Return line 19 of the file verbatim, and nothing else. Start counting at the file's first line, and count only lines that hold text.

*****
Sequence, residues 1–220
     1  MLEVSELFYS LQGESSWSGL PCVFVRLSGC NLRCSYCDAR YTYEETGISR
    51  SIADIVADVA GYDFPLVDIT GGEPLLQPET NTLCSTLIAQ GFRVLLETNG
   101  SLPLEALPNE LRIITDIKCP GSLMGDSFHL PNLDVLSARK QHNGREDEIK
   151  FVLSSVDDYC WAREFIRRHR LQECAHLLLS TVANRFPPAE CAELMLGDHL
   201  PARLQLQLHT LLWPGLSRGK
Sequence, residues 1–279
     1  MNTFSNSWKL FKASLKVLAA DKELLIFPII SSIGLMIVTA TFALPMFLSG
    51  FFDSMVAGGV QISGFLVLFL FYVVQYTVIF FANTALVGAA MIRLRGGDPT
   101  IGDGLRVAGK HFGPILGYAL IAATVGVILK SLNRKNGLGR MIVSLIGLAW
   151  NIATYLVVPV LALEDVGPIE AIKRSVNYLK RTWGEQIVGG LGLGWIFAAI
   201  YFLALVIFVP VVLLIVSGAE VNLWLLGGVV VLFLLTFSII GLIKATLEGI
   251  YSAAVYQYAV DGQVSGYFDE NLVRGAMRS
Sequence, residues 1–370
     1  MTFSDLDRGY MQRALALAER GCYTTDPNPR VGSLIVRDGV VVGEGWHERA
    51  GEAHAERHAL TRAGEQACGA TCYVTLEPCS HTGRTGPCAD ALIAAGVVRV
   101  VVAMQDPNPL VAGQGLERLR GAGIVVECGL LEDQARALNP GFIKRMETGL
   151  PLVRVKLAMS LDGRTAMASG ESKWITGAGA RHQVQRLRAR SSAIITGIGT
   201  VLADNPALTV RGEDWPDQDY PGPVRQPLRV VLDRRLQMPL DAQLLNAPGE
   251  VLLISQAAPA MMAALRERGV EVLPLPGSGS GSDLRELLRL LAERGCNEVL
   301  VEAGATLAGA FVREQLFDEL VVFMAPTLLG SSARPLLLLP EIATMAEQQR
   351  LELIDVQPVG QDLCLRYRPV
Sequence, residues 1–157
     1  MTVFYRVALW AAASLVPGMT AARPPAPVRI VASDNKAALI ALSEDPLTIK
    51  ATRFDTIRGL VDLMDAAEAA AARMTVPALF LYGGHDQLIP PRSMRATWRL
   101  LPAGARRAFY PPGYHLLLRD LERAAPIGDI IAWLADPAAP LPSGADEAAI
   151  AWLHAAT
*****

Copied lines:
   201  VLADNPALTV RGEDWPDQDY PGPVRQPLRV VLDRRLQMPL DAQLLNAPGE